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Group home for infants planned in Waynesville
WAYNESVILLE, Mo. (Nov. 20, 2008) — CORRECTION APPENDED: The original version of this article wrongly stated that a group home for infants owned by Bletel Residential Homes was run by Don Roberson. Roberson is a real estate agent representing the owners but is not involved in running the group home. — Members of the Waynesville Planning and Zoning Commission voted Tuesday night to recommend that the city council approve a group home in the city for very young children awaiting adoption.

The city council vote is expected Thursday night.

Located at 1910 Long Drive, the proposed group home would be the third licensed group home operated by Bletel Residential Homes. Another group home already exists near Waynesville on the 22000 grid of Rebel Lane, and according to a report by Waynesville Building Department staff members, “statements by others in the area are very favorable” and “most residents are not even aware that the home is in operation” because the children, who are boys between the ages of 8 and 18, are “very well-behaved.”

There have been no problems with the existing home despite the age group, according to real estate agent Don Roberson, who represented the group home at the planning and zoning commission meeting.

“She won’t take real problem children, the ones who would go to Piney Ridge,” Roberson said.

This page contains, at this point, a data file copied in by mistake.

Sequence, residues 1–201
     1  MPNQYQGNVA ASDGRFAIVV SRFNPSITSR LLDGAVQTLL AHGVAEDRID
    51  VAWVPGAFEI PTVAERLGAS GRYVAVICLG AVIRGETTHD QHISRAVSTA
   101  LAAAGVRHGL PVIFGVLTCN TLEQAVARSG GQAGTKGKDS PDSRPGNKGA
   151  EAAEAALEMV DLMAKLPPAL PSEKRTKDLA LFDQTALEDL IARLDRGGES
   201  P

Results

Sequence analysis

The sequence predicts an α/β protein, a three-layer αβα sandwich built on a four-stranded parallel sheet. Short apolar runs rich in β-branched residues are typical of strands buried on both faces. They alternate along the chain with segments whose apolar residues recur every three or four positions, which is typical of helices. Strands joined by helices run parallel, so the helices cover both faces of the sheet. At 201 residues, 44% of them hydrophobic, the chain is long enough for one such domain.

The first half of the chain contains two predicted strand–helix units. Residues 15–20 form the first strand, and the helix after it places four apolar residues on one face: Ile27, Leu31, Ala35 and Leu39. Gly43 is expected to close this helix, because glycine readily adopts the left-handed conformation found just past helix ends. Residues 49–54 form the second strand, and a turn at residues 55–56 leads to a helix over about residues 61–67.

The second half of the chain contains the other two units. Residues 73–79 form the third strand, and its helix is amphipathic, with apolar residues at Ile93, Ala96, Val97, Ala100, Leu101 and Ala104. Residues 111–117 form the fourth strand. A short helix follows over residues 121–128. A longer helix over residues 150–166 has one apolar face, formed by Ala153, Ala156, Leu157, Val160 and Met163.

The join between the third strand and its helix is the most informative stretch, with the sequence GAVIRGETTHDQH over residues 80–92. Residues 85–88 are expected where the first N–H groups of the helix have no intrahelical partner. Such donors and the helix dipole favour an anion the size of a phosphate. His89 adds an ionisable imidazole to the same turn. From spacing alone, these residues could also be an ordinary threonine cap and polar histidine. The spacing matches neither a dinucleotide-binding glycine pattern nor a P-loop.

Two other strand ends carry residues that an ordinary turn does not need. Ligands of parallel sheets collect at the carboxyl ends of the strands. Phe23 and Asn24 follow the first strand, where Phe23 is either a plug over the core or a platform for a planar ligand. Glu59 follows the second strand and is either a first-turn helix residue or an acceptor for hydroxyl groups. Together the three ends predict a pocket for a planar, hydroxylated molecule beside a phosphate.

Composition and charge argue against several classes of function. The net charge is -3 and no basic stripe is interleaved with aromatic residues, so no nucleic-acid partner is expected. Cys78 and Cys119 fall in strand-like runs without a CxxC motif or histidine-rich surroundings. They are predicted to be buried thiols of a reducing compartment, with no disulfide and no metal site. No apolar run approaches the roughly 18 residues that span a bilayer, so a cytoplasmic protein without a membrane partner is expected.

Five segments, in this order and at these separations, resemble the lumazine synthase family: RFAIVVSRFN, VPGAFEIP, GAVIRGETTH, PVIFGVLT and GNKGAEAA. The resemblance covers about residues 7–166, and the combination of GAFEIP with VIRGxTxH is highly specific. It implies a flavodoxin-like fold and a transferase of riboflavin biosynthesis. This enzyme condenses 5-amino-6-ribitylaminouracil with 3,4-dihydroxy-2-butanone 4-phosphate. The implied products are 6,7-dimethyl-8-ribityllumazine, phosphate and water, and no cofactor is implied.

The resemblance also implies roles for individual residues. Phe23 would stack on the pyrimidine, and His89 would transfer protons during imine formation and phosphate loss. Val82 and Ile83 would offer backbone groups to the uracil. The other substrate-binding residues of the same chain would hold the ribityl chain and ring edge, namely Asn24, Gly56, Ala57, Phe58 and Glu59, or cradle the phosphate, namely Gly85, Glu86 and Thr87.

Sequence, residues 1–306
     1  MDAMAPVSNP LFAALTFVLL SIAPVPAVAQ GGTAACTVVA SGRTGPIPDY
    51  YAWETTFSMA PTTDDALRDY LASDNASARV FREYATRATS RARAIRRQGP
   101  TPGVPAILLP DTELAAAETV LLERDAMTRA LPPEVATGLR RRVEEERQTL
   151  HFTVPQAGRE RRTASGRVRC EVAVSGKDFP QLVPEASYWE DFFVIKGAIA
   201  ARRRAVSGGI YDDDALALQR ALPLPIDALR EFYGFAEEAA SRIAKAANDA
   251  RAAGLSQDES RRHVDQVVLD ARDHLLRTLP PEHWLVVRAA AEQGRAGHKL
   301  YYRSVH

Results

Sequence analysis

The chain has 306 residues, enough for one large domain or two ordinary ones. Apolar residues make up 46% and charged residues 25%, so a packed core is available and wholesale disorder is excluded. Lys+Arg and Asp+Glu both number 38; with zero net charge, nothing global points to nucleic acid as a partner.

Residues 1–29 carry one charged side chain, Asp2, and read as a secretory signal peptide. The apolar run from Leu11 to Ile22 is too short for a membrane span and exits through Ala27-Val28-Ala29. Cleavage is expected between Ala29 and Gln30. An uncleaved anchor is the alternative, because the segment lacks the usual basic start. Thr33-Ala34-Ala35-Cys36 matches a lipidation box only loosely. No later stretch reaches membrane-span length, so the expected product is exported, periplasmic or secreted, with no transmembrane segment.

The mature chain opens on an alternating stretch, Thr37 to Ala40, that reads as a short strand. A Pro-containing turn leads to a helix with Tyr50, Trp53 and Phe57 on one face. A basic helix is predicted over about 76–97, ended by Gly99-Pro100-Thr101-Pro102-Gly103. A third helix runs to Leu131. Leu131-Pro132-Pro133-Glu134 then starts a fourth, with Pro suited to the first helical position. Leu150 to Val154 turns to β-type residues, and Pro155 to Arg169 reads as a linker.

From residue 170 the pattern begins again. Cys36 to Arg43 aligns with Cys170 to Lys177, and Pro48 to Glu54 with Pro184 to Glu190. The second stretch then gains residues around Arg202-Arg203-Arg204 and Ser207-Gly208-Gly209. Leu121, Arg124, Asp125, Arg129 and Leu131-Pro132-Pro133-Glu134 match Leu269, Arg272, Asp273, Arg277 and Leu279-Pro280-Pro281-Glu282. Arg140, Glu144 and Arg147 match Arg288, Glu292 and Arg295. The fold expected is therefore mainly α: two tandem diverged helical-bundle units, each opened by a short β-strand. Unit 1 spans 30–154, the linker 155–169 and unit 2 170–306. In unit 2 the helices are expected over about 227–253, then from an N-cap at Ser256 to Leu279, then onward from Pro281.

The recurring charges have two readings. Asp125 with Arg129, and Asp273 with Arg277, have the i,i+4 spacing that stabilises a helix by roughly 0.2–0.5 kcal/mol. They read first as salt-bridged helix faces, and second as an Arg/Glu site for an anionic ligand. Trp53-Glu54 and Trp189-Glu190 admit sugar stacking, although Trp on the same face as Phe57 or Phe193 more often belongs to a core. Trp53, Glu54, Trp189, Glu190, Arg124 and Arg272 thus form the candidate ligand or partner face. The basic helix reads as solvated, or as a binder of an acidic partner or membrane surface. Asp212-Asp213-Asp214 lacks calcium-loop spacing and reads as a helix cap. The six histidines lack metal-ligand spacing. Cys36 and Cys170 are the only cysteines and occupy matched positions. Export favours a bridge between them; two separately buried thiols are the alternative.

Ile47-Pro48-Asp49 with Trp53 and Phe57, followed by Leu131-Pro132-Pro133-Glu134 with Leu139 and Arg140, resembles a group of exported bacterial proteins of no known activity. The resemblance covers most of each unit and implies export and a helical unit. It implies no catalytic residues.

City Administrator Bruce Harrill clarified that Roberson’s application is different from another one that had been submitted.

“We did have an application for another home for older children in Briar Pointe; there were a lot of concerns about that, and that application was withdrawn,” Roberson said.

Responding to questions from Councilman Alan Clark, Roberson said the new home would take only very young children, infants through age three, generally children awaiting adoption. The home will operate 24 hours per day, seven days per week, with staff members on site and a nurse on standby; the maximum capacity is eight children, though numbers will vary.

“Most of them will be adopted out long before they are three,” Roberson said. “There’s such a need for this in this area that the children get moved in and adopted out pretty quickly.”

Responding to questions from various council members, Harrill said the city doesn’t have specific regulations for infant care facilities but said the conditional use permit for group homes appeared to be the most appropriate category. Even though the city doesn’t have specific regulations that apply to infant care facilities, Bletel Residential Homes has met all state regulatory requirements, Harrill said.

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